Yet 20 years of success has not erased all resistance to the concept of the 3Rs, nor has it eliminated the suspicion with which CAAT--and Goldberg--are viewed by some in the academic community.
Last year, when Hopkins decided to fight a federal decision to include rats, mice and birds in the Animal Welfare Act on the grounds that their inclusion would mean an unacceptable regulatory burden for the university, Goldberg found himself in the awkward position of disagreeing with his institution.
"I understand the concern, but I don't think their fears are justified. I also see no scientific reason for the exclusion of these animals and good reasons to include them. With the use of mice, in particular, on the rise, we need to think about refinement with these animals--approaches to minimize pain and distress."
In fact, CAAT recently announced its establishment of the first major grants program in the United States devoted to studies of pain assessment and the alleviation of pain and distress. The program will begin in 2002 with four grants of $25,000 each.
Goldberg credits much of the success of the last 20 years to education and dialogue and says he believes these will remain the key to progress in the next 20 years. For example, he says, in the Netherlands, anyone involved in the care and use of laboratory animals--from senior scientists through animal technicians--must take a three-week, five-day-per-week, eight-hour-a-day course before touching an animal. This summer, Goldberg again decided to sit in on the Hopkins course required of all investigators who submit animal protocols for review or order animals for use in their laboratories.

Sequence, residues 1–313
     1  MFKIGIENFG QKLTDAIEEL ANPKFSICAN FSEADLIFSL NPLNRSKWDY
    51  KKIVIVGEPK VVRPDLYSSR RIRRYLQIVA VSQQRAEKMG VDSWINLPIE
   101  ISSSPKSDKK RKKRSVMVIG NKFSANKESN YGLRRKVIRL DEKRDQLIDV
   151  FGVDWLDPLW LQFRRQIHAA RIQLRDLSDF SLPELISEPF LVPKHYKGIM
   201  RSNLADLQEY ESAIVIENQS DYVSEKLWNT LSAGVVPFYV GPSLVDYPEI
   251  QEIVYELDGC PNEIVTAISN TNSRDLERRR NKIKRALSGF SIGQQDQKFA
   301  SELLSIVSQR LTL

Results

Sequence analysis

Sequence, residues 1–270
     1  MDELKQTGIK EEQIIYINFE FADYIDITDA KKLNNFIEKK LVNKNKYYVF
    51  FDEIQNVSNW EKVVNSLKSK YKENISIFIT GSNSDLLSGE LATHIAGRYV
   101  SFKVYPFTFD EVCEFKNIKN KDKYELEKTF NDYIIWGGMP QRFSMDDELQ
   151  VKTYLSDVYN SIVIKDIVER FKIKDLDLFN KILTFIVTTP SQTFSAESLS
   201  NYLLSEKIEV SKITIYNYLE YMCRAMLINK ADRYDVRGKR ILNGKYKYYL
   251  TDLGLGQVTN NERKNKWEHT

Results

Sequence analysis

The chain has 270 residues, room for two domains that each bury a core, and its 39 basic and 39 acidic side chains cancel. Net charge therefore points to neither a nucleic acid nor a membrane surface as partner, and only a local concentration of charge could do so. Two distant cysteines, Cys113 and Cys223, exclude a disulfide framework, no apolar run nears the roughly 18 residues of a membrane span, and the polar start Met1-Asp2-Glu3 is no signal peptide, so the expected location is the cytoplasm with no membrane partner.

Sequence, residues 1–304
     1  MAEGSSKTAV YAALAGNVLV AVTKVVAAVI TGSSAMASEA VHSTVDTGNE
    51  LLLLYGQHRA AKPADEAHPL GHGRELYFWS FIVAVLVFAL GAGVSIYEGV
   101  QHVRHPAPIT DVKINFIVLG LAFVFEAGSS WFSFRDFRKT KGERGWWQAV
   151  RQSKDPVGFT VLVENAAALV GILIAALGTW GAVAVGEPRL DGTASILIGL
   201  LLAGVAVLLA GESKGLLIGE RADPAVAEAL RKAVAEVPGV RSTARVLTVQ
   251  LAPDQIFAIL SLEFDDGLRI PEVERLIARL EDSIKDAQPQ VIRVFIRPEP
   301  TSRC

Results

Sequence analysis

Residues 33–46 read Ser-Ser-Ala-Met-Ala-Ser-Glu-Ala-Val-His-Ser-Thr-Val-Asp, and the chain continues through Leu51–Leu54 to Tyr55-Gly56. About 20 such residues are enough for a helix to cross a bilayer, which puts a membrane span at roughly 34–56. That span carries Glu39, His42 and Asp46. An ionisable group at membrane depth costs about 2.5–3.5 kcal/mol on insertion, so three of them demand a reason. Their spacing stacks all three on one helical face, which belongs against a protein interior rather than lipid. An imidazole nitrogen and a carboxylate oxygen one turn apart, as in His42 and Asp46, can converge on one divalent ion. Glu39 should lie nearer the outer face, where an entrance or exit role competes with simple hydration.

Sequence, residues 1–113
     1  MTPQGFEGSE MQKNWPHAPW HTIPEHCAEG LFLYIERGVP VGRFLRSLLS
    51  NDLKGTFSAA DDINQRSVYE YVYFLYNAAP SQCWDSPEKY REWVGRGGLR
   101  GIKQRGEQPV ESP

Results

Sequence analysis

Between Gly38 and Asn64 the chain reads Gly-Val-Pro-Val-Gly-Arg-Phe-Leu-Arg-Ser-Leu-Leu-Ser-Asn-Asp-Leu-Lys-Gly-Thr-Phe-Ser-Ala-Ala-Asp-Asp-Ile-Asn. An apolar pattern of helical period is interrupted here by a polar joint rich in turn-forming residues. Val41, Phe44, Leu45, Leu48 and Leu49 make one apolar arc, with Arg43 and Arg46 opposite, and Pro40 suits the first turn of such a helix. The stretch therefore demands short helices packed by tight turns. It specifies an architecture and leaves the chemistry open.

The class met from 4 to 5 p.m. on Tuesday, July 10. "That's far from enough," he says with a shrug. "We need to do a better job of education and training in this country, starting with our young investigators. What happens at Hopkins is typical of American universities."
Goldberg, along with his full-time staff of eight and a growing list of adjunct faculty, tries to raise awareness of these issues within the university. Last week he was pleased to hear about a new mandatory, online training course for all employees and students who work with animals.
As a leader in the alternatives field and as an integral part of the public health program at Hopkins, it makes sense for CAAT to promote education that will lead to more humane science, despite resistance among some in the academic community.
"We're sort of like broccoli," Goldberg says. "You may not like us, but we're good for you."